What is a Casino?



The term casino may refer to a variety of places where gambling is legal: the classic Vegas Strip resorts, European-style casinos in cities such as Monte Carlo and Venice, or even small towns with bingo halls and poker rooms. The word has also come to mean a place where people can gamble on sports events.

Casinos have long tried to make themselves attractive destinations to lure customers, offering a wide range of amenities. The luxuries include restaurants, free drinks and stage shows. Many offer comfortable hotel rooms, though this is not always a requirement. In the past, gambling establishments were less glamorous.

Something about casinos – perhaps the large amounts of money they handle – seems to encourage cheating, stealing and other crimes. Casino security is extensive and complex. Staff members keep their eyes peeled for blatant scams like palming cards or marking dice, while tables managers and pit bosses follow betting patterns that could signal cheating. Elaborate surveillance systems provide a high-tech eye-in-the-sky, monitoring every table, window and doorway. They can be adjusted to focus on suspicious patrons by security workers in a separate room filled with banks of monitors.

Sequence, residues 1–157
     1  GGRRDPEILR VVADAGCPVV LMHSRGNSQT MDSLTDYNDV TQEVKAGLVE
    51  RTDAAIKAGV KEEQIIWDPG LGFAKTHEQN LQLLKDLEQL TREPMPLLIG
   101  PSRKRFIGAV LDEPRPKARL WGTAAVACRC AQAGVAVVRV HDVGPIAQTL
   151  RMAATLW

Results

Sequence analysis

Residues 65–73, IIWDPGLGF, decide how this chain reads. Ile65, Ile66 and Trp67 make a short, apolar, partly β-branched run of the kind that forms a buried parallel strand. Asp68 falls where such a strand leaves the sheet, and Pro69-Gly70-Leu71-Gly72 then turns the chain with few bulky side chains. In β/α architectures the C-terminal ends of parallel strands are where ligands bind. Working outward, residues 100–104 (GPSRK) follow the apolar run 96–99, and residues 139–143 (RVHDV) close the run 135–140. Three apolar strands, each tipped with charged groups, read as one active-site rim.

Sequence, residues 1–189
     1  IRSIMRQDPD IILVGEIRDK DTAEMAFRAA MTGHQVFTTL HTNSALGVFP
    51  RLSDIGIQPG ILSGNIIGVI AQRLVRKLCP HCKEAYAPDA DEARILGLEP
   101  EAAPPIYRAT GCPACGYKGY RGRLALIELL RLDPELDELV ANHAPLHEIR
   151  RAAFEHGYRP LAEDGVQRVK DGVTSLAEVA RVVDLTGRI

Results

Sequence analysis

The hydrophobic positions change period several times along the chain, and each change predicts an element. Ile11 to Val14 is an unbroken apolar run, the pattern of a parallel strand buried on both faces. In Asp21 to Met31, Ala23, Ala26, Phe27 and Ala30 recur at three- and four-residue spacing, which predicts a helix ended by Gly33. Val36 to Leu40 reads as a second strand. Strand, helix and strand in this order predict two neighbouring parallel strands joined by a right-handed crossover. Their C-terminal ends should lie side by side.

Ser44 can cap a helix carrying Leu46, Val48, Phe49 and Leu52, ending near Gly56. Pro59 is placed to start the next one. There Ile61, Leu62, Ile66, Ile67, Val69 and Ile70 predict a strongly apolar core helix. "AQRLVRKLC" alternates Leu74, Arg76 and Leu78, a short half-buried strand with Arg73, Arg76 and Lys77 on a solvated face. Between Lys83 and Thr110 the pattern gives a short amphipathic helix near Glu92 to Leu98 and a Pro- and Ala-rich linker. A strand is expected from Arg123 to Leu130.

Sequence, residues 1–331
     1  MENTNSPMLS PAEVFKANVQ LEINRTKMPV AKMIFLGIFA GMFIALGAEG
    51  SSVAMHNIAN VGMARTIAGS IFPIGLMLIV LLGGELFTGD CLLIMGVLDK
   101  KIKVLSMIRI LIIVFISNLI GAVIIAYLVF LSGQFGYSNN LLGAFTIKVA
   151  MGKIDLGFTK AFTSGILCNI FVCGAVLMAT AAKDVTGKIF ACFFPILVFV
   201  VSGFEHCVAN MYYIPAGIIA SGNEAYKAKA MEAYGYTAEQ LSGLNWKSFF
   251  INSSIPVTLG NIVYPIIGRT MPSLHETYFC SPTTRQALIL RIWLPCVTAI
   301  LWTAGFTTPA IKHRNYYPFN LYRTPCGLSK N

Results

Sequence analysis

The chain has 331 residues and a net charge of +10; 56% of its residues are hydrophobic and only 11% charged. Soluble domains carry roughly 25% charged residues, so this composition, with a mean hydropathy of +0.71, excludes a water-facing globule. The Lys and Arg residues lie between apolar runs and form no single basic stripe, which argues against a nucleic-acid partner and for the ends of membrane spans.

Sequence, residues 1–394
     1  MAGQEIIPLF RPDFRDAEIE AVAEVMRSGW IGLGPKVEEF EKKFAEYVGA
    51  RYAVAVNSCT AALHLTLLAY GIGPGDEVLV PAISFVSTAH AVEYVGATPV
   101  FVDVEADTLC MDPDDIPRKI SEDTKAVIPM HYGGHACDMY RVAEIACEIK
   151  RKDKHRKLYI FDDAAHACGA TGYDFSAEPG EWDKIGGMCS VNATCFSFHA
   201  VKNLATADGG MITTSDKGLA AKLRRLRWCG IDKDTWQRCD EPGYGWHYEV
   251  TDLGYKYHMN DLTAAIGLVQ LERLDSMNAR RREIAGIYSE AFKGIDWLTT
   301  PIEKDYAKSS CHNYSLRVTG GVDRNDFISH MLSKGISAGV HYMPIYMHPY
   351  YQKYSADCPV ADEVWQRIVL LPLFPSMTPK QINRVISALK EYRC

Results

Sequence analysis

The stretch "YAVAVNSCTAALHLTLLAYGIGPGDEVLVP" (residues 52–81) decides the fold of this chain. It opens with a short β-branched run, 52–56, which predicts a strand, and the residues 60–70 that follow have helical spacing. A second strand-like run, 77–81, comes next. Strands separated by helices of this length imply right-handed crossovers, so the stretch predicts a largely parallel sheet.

Some casinos are also renowned for their exotic games, which attract visitors from far away. Asian casinos, for instance, specialize in a number of traditional Far Eastern games such as sic bo (which spread to several European and American casinos in the 1990s), fan-tan and pai-gow. However, slot machines and video poker are the economic mainstays of many American casinos.